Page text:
Don’t Waste Time or Else…: Pak Army to Nawaz Sharif

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As anti-government protests picked momentum in Pakistan, protesters armed with rocks and wooden clubs clashed with police in Islamabad on Monday. Earlier, the powerful army of Pakistan called for a peaceful negotiation to the political deadlock.

The army has asked government and protesters to sort out their differences amicably on Sunday night, but warned that it was ‘committed to playing its role in ensuring security of the state,’ after deadly clashes claimed three lives in the country.

The deadly violence began on Saturday night when followers of cricketer-turned politician Imran Khan and populist cleric Tahir-ul-Qadri tried to storm Sharif’s official residence.

Fresh violence erupted on Monday morning amid heavy rainfall and more than 3000 demonstrators again tried to march to the building, according to an AFP journalist.

Protesters pelted riot police with stones and some smashed up motorbikes with wooden clubs. Police tried to respond with teargas, but the heavy rain appeared to make it ineffective.

After an emergency meeting of top brass in the garrison city of Rawalpindi, the army voiced support for democracy, but also stressed its own role in maintaining security.

"While reaffirming support to democracy, the conference reviewed with serious concern, the existing political crisis and the violent turn it has taken, resulting in large scale injuries and loss of lives," the military said in a statement.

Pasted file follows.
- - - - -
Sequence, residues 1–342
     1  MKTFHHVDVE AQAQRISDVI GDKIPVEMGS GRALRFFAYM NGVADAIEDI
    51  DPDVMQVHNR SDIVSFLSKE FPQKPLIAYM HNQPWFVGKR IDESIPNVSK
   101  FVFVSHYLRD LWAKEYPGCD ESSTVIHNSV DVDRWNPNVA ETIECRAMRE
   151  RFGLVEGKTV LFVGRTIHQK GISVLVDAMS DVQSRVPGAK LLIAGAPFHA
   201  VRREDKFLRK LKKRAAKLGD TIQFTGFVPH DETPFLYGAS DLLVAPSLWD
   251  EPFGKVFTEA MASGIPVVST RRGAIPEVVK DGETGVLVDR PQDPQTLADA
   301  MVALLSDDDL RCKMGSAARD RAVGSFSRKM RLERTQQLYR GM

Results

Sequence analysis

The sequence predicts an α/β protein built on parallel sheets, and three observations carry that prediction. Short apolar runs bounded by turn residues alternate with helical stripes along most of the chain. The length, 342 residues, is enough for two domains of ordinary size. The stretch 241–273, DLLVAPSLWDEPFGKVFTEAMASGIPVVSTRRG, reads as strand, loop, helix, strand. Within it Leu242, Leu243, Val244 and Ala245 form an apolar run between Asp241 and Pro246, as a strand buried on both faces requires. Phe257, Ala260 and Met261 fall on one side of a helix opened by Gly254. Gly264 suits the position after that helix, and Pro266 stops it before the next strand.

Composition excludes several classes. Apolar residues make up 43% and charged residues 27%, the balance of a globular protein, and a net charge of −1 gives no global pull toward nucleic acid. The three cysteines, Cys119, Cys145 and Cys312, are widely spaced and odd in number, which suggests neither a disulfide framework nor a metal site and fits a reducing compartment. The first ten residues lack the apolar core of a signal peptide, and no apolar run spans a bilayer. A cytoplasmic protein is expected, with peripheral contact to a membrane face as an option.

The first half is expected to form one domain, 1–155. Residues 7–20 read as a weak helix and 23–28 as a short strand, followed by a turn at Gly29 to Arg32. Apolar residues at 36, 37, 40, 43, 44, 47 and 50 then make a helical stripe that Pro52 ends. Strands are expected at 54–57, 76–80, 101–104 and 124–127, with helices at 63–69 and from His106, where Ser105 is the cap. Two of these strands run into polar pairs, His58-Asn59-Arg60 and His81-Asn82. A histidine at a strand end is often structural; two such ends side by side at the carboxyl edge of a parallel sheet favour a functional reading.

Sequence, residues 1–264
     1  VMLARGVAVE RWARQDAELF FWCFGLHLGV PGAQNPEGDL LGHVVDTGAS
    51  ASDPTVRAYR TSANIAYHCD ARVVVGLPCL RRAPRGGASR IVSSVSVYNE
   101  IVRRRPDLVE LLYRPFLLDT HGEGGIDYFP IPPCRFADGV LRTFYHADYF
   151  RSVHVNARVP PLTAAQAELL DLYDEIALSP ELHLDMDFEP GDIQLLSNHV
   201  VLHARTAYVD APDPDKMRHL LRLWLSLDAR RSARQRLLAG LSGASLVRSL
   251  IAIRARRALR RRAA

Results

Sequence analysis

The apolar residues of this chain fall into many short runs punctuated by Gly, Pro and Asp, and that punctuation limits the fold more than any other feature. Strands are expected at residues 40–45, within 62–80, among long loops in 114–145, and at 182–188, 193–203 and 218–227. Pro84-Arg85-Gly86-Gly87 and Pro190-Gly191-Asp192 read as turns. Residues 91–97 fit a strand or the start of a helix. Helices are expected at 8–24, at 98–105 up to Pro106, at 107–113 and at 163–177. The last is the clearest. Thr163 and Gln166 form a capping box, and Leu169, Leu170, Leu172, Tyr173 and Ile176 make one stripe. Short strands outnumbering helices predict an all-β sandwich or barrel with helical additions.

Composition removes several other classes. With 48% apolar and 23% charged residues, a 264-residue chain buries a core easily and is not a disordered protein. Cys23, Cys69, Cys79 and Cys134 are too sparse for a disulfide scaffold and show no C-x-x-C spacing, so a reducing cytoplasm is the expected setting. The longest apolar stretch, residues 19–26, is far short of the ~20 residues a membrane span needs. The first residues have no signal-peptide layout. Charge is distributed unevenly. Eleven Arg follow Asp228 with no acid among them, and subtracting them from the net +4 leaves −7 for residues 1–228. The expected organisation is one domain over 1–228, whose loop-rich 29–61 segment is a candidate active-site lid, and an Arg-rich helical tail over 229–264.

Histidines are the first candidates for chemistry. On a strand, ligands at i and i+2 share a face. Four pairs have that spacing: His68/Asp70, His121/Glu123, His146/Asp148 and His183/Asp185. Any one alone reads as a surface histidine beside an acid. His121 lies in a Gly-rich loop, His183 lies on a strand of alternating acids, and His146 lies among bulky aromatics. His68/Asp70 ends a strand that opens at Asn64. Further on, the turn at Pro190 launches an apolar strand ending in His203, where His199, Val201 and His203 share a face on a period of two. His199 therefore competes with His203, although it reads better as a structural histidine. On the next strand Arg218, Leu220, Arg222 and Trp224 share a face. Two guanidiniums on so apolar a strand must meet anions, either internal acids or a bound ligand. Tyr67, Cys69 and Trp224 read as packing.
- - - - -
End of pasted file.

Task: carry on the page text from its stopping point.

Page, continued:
"It was once again reiterated that the situation should be resolved politically without wasting any time and without recourse to violent means."

They added: "The army remains committed to playing its part in ensuring security of the state and will never fall short of meeting national aspirations."

The weekend clashes left nearly 500 people injured, including some children and nearly 100 police officers.

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Diplomatist Magazine was launched in October of 1996 as the signature magazine of L.B. Associates (Pvt) Ltd, a contract publishing house based in Noida, a satellite town of New Delhi, India, the National Capital.

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